Sixty-two days, or about two months.
That's how long the average response time was for maintenance calls seeking repairs or support three years ago in the Dallas Independent School District.
"It was terrible," said David Bates, assistant superintendent of maintenance and facilities for the Texas district. The response times were so bad that the district conducted an audit, which revealed the lengthy wait times and found the system had about 10,000 unfilled orders.
"We have well documented how bad we were," said Bates, who has worked in various departments in the district for 24 years.
There were several reasons for the lags in response time, but the main one was that the department lacked a good culture — or a passion — for helping, Bates said.
A multi-year effort to improve the department's culture, which began with individualized coaching for managers at the start of the 2021-22 school year, has already brought down unfilled work orders to 2,000 and average response time for maintenance calls to eight days.
These improvements were made even while the average number of daily work orders stayed at 268, said Bates.
The path to large-scale improvements like quicker response times, Bates said, can begin with small, incremental changes in the approach to individual staff goals like improving time management.
"But it's got to be intentional, and it's got to be consistent," he said.
The 'Core 4'
Pamela Lear, Dallas ISD chief of staff and racial equity, credits former Superintendent Michael Hinojosa for promoting positive cultures and attitudes when interacting with school stakeholders. A district mantra is “Core 4” — focused, fast, flexible and friendly — which guides employees' responses to the needs of students, families and each other.
The Core 4 was developed in the 2010s when the now 145,000-student school system began seeing declines in enrollment, Lear said. "One of the things he [Hinojosa] talked about was customer service, and having a culture … where parents felt like their kids are their treasure and they want to drop their kids off and feel like they are being taken care of," she said.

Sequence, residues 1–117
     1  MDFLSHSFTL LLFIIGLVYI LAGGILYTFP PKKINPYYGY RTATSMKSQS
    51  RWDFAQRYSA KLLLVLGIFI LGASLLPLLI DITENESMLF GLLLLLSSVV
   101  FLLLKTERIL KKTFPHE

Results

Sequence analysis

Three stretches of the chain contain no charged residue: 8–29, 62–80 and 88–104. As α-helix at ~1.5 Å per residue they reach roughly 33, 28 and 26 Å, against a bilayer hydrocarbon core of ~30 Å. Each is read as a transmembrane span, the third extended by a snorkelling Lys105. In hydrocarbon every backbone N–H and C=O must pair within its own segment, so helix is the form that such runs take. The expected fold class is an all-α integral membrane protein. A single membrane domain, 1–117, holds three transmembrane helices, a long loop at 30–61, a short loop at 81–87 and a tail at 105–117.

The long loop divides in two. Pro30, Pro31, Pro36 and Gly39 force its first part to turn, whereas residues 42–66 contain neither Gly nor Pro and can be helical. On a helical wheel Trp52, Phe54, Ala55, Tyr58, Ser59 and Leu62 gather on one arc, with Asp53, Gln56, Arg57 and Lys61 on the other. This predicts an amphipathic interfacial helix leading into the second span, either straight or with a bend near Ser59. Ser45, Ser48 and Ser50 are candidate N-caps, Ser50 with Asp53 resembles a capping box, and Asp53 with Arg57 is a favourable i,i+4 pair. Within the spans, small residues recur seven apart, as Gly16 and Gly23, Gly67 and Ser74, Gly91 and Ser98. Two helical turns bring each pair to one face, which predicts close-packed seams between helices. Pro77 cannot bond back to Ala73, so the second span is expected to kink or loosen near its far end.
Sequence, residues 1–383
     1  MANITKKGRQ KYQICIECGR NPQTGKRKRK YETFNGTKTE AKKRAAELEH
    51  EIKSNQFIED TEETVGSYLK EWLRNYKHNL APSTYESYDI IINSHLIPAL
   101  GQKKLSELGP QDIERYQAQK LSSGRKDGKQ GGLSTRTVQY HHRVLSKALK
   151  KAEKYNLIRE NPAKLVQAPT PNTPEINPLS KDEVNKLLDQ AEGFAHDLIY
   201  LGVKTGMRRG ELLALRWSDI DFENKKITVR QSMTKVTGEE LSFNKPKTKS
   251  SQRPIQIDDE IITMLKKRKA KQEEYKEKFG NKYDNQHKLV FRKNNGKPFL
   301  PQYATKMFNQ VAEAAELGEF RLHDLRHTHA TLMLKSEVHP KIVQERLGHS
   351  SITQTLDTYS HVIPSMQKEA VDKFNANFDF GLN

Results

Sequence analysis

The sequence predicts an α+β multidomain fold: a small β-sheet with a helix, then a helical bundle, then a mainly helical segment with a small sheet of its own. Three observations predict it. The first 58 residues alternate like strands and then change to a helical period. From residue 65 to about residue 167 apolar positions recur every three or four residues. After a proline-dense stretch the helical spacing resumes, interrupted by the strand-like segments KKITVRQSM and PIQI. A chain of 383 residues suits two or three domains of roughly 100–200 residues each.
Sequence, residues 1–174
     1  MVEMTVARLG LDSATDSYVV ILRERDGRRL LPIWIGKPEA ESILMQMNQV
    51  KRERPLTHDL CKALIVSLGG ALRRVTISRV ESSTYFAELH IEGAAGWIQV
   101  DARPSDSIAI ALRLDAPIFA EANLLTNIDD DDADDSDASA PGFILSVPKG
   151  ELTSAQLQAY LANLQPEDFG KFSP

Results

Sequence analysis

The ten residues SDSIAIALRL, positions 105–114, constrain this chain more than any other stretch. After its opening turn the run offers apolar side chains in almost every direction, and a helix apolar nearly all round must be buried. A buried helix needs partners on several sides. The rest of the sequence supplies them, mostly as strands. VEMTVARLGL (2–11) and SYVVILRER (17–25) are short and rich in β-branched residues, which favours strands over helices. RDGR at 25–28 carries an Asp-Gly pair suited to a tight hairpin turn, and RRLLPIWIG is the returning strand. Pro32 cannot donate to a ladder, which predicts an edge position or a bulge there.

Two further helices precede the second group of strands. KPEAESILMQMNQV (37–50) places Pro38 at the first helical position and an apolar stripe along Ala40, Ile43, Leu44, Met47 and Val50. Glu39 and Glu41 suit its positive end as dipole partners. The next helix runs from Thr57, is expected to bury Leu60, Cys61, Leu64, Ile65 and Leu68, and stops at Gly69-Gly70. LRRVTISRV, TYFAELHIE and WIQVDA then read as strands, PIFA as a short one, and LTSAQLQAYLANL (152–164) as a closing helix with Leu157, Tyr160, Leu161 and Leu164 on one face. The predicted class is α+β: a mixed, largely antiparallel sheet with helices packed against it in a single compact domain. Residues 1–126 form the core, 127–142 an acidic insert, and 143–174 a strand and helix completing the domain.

A positive climate and culture can assist with increasing student enrollment and recruiting and retaining staff, she said.
The Core 4 centers on the district's customer service expectations for its 22,000 employees and is used as a guide to help employees progress in exceeding expectations for customer service goals. Each of the Core 4 has a rubric for various competencies and expectations with the goal of working toward exceeding expectations.
"We wanted the whole organization — all 22,000 employees — to embrace and understand what these four words mean," Lear said.
Another helpful aspect is that in 2018-19, the district created a committee to align the district's values and expectations for customer service with the Core 4 rubrics, Lear said.
To get to a more personalized level, a pilot for individual coaching for 32 maintenance and facilities managers was initiated last fall. The district entered a $200,000 contract with engage2learn, a private company that works with school districts on professional development, to provide coaching for facilities managers during the 2021-22 school year.
Employees worked with individual coaches to better understand their current levels of progress and set goals for progress at each step. As employees advance through a rubric, they earn badges showing their progress. Lear noted the pride employees take in earning those badges, even displaying them as backgrounds in video calls.
Bates said having managers create their own pathways for progress, with help from their coaches, brought buy-in for the process. "It can't be forced," he said. "If you force it, it will never fit."
A 'responsible rollout'
The coaching will continue in the facilities department, with managers who got coaching last school year now planning to coach their direct reports next school year. The train-the-trainer efforts will expand until all 1,500 of the department's maintenance and facilities staffers have had personalized coaching.
It's a "responsible rollout," Lear said, with a goal of the district building capacity to have its own coaches.
For next school year, Dallas ISD has contracted with engage2learn to coach 86 lead front office managers in efforts to improve school front office services.
The front office staff "really are the ones who set the tone for the office at the school," Lear said.
Shannon Buerk, engage2learn founder and CEO, said the coaching is centered on the district's established Core 4 cultural tenets. Dallas employees and their coaches meet in person or virtually about seven times over a school year for about 45 minutes each time. Employees are asked to document evidence of progress toward practices and behaviors that align with the Core 4 competencies.
"Culture is not a fluffy thing. It's about tangible behaviors."
Founder and CEO of engage2learn
For example, Buerk said that a lead office manager in Dallas, who already began working with a coach, wanted to make a school office more friendly to visitors. The coach and manager brainstormed to come up with an FAQ printed in several languages so visitors who do not speak English could communicate more easily with office staff. The FAQ is part of the evidence of progress toward the friendliness goal.
"It was really important to me that we find a way to measure growth so that we could recognize and celebrate growth, but also so that we can see what was really working and what wasn't working," Buerk said.
"Culture is not a fluffy thing. It's about tangible behaviors.”